...or even somehow in Greek where the "to be" lacks the aorist/imperfect distinction. (as the only(??*) verb)
A great question, and, as you suspect, there are no distinctions! The Czech kids learning Latin are usually taught a quick "hack" that whatever in Czech is the perfect [lexical] aspect, gets rendered by the Latin perfect, otherwise by imperfect and vice versa and therefore people start to be clueless and quite "random" anytime they try to understand why Latin would use or even require some habuit or fuit in certain places.
Now, of course (and I could write a long comparative essay about this in here, I suppose ) there is a great great great problem in comparing the slavonic lexical aspect to the IE perfect(aorist)/imperfect distinction (they share some 'core', but... sometimes also drastically differ in some important aspects). So, the hack I described is very prone to error generation and by no way it substitutes the true conscious understanding of how the IE perfect(aorist) and imperfect really work.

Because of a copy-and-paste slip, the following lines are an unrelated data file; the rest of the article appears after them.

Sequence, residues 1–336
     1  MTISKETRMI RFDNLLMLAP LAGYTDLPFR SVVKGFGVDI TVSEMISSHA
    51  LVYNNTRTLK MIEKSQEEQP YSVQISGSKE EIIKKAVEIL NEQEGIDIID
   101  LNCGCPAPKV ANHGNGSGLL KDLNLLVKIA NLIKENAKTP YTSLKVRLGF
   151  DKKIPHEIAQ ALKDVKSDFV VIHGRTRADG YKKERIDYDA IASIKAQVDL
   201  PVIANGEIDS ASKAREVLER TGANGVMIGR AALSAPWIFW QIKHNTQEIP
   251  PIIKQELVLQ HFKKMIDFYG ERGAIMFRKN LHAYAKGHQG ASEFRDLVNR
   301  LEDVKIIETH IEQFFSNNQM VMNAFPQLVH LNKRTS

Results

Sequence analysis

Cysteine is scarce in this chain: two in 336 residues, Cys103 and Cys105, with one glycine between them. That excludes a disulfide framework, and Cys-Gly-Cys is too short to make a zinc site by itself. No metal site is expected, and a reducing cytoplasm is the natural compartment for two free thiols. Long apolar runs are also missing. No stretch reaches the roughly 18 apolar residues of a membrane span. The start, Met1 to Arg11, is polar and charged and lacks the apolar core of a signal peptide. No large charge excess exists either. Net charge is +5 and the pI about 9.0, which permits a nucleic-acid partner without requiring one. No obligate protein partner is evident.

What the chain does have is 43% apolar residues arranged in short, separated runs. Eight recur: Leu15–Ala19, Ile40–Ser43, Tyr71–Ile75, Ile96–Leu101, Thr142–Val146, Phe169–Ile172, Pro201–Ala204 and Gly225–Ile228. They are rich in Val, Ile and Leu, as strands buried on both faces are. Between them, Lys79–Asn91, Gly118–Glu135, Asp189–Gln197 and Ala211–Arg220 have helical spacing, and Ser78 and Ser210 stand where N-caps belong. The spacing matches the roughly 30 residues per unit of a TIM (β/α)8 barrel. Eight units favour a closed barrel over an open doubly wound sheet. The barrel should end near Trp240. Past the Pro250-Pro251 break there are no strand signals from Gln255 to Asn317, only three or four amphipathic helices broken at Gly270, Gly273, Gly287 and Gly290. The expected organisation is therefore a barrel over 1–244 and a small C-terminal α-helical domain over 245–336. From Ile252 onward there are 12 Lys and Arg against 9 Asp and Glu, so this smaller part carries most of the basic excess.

A great question, anyway!
*I'm not so good in Greek, so I don't know if it's the only one
Thank you Godmy. This surprised me as Spanish and French do make the distinction (fue / era, elle a été / elle était), so I was puzzled when I saw, in another forum, a Czech speaker who is learning in Spanish asking questions about these tenses from a rather clueless base. If Czech doesn't distinguish aspect in stative verbs like these, then it all makes sense.